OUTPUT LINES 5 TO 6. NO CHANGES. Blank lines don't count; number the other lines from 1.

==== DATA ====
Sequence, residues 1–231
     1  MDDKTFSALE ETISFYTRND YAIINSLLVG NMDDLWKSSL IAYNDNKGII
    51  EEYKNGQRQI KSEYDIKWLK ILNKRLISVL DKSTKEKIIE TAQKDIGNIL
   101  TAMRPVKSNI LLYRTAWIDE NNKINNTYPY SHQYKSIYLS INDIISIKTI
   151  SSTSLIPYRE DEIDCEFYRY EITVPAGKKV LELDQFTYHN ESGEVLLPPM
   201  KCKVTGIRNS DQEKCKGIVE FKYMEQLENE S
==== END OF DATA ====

   151  SSTSLIPYRE DEIDCEFYRY EITVPAGKKV LELDQFTYHN ESGEVLLPPM
   201  KCKVTGIRNS DQEKCKGIVE FKYMEQLENE S